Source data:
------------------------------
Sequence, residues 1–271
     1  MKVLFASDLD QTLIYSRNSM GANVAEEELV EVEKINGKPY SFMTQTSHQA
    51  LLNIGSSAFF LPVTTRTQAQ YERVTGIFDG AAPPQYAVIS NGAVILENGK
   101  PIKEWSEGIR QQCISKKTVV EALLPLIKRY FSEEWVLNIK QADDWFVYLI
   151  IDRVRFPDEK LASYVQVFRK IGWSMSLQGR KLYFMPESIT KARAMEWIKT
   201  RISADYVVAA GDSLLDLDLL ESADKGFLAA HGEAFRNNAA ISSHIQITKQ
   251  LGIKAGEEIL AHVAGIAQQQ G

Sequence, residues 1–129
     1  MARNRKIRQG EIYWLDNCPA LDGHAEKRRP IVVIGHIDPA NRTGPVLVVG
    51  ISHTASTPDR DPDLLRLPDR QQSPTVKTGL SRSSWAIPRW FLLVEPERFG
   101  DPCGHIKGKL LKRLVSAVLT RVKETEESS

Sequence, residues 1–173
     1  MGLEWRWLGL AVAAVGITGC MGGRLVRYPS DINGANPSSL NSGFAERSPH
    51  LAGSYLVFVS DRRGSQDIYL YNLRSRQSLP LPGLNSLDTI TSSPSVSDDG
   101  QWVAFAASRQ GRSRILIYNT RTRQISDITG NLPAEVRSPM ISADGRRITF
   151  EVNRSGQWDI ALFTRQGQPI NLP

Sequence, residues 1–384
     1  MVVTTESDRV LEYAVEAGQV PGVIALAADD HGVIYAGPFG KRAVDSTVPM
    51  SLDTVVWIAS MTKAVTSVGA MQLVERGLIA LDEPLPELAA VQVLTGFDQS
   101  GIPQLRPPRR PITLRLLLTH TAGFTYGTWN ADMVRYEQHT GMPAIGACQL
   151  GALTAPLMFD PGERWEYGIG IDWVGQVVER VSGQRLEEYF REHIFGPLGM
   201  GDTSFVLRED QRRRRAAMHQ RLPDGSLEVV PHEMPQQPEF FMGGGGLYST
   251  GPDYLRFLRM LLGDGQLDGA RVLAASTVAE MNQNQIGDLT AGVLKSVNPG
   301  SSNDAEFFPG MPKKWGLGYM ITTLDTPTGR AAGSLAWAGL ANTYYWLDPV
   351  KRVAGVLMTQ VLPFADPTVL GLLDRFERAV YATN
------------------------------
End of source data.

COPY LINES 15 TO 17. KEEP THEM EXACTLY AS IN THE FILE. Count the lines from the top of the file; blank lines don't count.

   101  QWVAFAASRQ GRSRILIYNT RTRQISDITG NLPAEVRSPM ISADGRRITF
   151  EVNRSGQWDI ALFTRQGQPI NLP

Sequence, residues 1–384